How to Stay "Top Dog" When It Comes to Coyotes
WARREN COUNTY, OH -- Recently, Warren County Volunteer Naturalist Dave Woehr forwarded an aritcle about coyote attacks on people’s pet dogs in the Fairfield area along with a presentation he shared on coyotes about five years ago.
But, before I could get his presentation published into the WarrenCountyPost.com, he received a letter from a Warren County resident informing him about two large dogs being attacked by coyotes during the day. (The dogs have been treated and are recovering.) This time Woehr contacted both Warren County Park District Naturalist Shannon Pennington and the WarrenCountyPost.com on the same email about the Warren County attack.
Pennington has posted important information on the Warren County Park Nature Programs FACEBOOK page concerning coyotes and has given the WarrenCountyPost permission to use. Along with her post, Pennington has created a Coyote Program that not only teaches how to keep pets and families safe from Coyotes, but it also teaches about the mammal itself. Dates for the upcoming programs are:
- January 11 at Clermont County Park District,
- February 8 at Deerfield Township,
- February 16 at the Charles I Lathrem Senior Adult Center.
- The program can be viewed on on Youtube.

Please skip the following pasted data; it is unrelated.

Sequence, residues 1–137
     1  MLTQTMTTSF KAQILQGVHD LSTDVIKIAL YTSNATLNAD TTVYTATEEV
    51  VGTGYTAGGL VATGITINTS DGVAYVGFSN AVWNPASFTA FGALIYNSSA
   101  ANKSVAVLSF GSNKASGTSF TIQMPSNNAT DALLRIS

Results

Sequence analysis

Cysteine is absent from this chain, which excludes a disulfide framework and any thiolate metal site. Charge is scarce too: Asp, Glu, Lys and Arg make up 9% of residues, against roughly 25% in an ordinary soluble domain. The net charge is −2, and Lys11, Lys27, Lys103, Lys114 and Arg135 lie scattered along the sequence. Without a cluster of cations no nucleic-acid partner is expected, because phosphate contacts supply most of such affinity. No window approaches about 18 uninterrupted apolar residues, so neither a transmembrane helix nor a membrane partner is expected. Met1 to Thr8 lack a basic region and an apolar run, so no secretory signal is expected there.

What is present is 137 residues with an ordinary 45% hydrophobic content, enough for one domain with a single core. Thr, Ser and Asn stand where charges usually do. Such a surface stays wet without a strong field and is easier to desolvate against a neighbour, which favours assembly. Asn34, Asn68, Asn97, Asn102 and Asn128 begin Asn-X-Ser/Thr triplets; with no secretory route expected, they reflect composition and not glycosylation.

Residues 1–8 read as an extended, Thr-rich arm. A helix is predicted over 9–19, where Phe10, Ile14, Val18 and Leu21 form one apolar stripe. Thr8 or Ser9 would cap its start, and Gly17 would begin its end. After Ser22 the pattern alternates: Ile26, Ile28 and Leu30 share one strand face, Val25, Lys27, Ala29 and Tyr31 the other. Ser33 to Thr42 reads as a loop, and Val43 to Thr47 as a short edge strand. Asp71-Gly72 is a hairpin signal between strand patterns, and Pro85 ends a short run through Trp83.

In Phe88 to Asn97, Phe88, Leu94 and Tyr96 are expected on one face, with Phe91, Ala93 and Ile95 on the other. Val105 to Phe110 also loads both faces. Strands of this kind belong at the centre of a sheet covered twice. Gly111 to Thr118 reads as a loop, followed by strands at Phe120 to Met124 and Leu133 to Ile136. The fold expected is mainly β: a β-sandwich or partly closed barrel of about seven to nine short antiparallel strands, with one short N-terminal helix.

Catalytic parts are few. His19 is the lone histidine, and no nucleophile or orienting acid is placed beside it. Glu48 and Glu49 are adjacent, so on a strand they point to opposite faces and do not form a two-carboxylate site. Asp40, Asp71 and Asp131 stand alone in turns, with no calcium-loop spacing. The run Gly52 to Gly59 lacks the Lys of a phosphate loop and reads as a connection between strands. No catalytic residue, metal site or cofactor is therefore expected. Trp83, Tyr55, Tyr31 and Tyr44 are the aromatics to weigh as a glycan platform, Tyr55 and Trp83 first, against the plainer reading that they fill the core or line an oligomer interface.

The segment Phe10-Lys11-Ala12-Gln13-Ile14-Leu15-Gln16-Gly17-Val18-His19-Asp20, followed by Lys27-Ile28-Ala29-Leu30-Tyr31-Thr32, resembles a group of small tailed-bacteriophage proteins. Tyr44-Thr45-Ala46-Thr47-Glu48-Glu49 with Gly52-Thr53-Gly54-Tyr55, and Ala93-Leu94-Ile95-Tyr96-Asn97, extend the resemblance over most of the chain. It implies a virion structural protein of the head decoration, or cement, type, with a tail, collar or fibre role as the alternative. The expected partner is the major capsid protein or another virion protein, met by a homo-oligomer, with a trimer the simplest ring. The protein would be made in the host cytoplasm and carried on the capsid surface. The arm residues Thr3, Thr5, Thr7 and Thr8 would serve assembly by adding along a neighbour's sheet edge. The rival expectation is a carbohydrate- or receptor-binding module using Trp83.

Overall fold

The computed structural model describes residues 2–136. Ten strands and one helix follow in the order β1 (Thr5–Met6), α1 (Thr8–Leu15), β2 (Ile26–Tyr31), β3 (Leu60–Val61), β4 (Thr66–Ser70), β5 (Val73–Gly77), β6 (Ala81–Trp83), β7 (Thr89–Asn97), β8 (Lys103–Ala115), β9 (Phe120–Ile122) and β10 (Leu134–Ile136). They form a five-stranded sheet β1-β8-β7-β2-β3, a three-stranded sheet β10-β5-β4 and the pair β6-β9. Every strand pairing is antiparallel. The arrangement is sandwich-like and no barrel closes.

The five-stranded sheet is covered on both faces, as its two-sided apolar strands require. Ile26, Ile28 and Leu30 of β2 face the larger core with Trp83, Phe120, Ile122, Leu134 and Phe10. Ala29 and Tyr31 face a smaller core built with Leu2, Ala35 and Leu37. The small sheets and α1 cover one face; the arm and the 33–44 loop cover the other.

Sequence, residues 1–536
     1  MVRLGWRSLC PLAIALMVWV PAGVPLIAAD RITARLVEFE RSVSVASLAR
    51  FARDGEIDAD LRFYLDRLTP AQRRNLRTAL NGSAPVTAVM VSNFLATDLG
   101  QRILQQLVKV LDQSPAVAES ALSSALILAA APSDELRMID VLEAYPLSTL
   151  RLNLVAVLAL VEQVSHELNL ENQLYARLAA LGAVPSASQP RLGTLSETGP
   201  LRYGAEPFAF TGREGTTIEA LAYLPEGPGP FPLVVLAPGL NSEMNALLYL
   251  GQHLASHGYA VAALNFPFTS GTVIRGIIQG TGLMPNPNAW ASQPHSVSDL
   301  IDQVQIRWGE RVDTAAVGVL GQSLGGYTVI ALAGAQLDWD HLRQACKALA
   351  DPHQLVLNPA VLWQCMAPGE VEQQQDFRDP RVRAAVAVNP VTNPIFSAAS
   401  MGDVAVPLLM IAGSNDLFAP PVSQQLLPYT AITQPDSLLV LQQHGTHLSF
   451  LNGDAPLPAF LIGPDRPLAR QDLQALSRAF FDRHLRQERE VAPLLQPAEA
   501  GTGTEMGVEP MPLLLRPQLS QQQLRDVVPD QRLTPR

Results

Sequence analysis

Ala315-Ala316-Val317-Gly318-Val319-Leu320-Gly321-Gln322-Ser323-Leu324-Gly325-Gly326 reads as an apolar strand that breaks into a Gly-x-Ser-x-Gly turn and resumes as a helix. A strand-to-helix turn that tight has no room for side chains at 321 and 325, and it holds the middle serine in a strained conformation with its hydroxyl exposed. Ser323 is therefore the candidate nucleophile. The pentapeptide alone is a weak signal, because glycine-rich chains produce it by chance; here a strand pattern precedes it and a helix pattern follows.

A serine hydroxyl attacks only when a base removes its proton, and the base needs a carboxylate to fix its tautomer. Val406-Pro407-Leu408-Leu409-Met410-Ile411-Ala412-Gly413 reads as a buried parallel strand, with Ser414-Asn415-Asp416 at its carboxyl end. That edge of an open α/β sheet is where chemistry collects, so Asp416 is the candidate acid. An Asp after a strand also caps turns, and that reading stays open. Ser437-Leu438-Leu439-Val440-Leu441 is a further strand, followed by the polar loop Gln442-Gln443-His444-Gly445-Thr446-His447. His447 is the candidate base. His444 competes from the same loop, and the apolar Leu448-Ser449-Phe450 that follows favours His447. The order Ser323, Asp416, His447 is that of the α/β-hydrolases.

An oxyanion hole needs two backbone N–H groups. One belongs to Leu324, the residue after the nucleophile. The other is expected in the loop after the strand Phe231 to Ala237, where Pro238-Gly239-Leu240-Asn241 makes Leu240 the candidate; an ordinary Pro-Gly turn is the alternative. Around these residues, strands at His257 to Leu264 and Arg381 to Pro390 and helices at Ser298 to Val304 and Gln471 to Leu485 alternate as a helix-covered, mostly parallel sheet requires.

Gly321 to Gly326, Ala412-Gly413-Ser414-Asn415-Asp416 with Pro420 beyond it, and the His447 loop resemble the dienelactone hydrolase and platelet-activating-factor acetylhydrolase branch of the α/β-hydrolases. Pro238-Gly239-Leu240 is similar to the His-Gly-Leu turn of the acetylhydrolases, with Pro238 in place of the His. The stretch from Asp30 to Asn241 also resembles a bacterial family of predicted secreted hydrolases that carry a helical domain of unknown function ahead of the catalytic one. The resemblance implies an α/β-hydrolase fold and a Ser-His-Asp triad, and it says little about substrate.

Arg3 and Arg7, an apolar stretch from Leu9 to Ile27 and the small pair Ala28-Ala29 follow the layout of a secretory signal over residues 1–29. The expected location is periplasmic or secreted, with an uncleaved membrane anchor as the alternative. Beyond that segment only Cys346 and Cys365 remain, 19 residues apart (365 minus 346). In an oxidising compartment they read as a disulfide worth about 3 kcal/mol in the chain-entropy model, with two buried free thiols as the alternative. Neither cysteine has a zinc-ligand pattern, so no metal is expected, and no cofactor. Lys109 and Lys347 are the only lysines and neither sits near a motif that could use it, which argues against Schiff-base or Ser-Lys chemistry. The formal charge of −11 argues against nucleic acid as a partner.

“Our goal is to keep our pets and families safe,” Pennington said.
As we enter into the colder months and leaves are off the trees, coyote sightings will increase. Although their average weight is 45-50lb, they often look bigger this time of year because of their thick winter coats.
Coyotes travel in family groups (packs) consisting of one mated pair and the young of the previous year or two who haven’t left to establish their own territories.
While they can and do eat pretty much anything... including fruit and earthworms, their preferred food is made up of small rodents like moles and mice.
"It’s a great reminder to keep attractants such as pet food, open compost piles, trash cans, grill drippings and etc., out of your yards for this does attract coyotes," Pennington noted.
Pennington explained that it is important to look your yard over before letting your pets outside and it is also very important to teach children what to do if they see them.
"Humans need to reinforce that they are 'top dog' and to do this... it’s important to learn about hazing," she said.
To do this, visual and auditory signals are very important. A person needs to sound loud and make themself look big and scary until the animal retreats. Somethings that can be used to do this are:
- Lights — porch lights or flashlighrts
- Noises — clapping, using you voice, radios, whistles, horns, shakers, and pots and pans
Do not haze coyotes that are injured, sick, cornered or guarding a den of pups. All these steps are imperative in maintaining a healthy fear of humans and prevent habituated coyotes.
Contact a wildlife officer immediately at 1-800-WILDLIFE if a coyote's behavoior consists of:
- Coyote approaches people aggressively
- Coyote responds to humane hazing by raising hackles, growling, baring teeth, barking
- Coyote stalks pet or human
- Coyote attacks pet or human
“If the animal does not appropraitelty retreat when hazed, DO NOT break eye contact… Back away slowly... and, never run from one," notes Pennington in her presentation.
"Coexisting with these creatures is possible and easy once you know what to do. Our behavior controls theirs and keeping them out of our yards is the first step," Pennington said.
Dave Woehr's presentation on coyotes is also available by clicking the link below.